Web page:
Fallani v. American Water Corp., 574 F. Supp. 81 (S.D. Fla. 1983)

US District Court for the Southern District of Florida - 574 F. Supp. 81 (S.D. Fla. 1983)
October 25, 1983

574 F. Supp. 81 (1983)

Gianpiero FALLANI and Roberta Scarpettini Fallani, Plaintiffs,
AMERICAN WATER CORPORATION, Nordic International Corporation, and Ivo E. Pera, Defendants.

No. 83-6011-CIV-JAG.

United States District Court, S.D. Florida, N.D.

October 25, 1983.

*82 Stephen R. Koons, McGee, Jordan, Shuey, Koons & Schroeder, Lake Worth, Fla., Francis X. McCullough, Watt, Tieder, Killian & Hoffar, McLean, Va., for plaintiffs.

Thomas R. Tatum, Tatum & Tatum, P.A., Fort Lauderdale, Fla., E.J. Generotti, Dell & Schaefer, P.A., Hollywood, Fla., for defendants.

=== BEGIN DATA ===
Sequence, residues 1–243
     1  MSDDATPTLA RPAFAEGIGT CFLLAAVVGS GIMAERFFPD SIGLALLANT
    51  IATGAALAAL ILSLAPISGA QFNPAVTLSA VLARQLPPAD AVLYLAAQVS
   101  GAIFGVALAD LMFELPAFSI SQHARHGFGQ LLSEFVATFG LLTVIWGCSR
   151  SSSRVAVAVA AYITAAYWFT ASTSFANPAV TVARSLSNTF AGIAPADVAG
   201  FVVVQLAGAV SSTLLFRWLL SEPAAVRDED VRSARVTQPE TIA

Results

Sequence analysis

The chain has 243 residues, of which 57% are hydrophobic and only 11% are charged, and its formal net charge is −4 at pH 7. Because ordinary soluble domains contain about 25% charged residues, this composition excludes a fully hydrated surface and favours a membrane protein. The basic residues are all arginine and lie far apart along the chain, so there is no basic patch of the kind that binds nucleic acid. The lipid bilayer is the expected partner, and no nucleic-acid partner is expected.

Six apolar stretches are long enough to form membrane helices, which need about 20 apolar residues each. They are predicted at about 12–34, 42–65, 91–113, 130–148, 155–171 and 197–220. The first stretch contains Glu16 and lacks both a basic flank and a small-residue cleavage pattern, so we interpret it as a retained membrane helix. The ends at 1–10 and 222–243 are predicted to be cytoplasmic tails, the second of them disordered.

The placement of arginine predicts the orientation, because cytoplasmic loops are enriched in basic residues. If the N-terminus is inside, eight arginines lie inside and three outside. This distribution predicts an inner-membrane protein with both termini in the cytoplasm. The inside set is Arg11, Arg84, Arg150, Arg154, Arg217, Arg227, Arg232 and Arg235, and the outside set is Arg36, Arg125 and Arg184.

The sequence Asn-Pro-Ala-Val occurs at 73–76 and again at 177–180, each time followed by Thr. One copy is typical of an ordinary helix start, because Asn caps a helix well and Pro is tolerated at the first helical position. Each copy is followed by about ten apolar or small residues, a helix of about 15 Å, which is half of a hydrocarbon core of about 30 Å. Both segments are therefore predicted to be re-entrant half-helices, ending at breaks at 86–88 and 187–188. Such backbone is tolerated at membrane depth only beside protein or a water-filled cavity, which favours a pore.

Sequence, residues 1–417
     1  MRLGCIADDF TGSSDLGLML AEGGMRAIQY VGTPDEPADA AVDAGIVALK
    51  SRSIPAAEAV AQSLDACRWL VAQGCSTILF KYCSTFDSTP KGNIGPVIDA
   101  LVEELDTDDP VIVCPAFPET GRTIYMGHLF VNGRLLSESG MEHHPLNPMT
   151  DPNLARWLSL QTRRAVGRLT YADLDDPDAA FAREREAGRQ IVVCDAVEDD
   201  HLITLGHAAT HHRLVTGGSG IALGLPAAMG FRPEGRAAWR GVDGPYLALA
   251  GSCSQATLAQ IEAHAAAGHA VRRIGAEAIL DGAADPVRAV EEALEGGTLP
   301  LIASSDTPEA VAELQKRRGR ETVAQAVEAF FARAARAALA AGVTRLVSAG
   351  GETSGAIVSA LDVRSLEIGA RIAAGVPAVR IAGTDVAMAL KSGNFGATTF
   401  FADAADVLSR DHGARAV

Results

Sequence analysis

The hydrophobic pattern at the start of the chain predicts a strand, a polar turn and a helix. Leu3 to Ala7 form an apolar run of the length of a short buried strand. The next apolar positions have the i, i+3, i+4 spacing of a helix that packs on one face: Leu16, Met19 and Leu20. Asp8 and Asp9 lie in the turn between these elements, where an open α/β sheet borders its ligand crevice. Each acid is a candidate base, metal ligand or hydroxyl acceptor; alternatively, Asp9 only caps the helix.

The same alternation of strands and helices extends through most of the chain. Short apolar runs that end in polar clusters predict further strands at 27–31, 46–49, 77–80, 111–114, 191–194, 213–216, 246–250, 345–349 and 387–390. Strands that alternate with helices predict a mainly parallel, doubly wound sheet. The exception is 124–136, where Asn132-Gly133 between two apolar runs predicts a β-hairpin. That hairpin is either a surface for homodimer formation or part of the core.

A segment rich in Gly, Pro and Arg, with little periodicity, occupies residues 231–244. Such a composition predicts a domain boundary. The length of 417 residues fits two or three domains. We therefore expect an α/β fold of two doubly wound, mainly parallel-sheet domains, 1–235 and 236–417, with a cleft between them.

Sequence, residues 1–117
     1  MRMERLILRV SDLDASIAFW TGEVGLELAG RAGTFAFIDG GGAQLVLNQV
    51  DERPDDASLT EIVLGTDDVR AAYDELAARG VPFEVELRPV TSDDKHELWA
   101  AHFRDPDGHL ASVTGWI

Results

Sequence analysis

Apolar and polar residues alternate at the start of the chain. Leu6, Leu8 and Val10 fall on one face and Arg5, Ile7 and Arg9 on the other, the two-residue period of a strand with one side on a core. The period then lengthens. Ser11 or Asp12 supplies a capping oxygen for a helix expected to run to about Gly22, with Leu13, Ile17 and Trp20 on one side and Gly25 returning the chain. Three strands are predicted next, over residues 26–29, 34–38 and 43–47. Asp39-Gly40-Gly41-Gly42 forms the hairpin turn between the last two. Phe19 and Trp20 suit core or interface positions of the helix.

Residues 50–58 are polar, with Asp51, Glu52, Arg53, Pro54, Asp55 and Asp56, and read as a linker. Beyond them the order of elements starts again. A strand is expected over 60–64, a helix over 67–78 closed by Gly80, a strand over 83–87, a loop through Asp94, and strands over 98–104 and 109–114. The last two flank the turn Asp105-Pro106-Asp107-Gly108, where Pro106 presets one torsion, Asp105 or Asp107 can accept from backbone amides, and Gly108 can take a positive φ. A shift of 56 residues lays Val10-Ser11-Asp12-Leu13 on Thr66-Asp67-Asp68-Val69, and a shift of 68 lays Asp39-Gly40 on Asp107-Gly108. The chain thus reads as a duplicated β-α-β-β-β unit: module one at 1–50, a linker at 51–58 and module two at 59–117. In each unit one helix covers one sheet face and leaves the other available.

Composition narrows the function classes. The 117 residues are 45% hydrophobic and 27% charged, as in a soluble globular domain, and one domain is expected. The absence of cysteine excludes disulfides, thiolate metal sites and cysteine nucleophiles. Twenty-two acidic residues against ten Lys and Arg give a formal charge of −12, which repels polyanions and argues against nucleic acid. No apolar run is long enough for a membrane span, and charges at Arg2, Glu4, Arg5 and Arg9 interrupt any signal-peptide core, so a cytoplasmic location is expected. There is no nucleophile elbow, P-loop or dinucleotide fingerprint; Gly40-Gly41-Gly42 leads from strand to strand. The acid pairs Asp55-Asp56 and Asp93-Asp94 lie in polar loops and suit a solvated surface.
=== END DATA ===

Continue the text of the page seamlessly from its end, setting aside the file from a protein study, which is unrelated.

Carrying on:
JOSE A. GONZALEZ, District Judge.

THIS CAUSE has come before the Court upon the Defendant's motions to dismiss, to strike, and to decline exercise of pendent jurisdiction. The motions to dismiss and to strike are dealt with in summary fashion below. This Order focuses on the issue of the Court's pendent jurisdiction.

The Plaintiffs, Gianpiero Fallani, and his wife, Roberta Scarpettini Fallani, are citizens of Italy. They have sued American Water Corporation and Nordic International Corporation, both Florida corporations with their principal places of business in Florida, and Ivo E. Pera, a citizen of Florida, for alleged violation of section 17 of the Securities and Exchange Act of 1933, 15 U.S.C.A. § 77q(a) (1981), section 10 of the Securities and Exchange Act of 1934, 15 U.S.C.A. § 78j(a) (1981), Rule 10B-5, 17 C.F.R. § 240.10B-5 (1983), and section 517.01 et seq. of the Florida Securities Act. Additionally, the Plaintiffs charged the Defendants with conspiracy to commit common law fraud in connection with the Fallanis' purchase of three hundred (300) shares of the capital stock of American Water Corporation.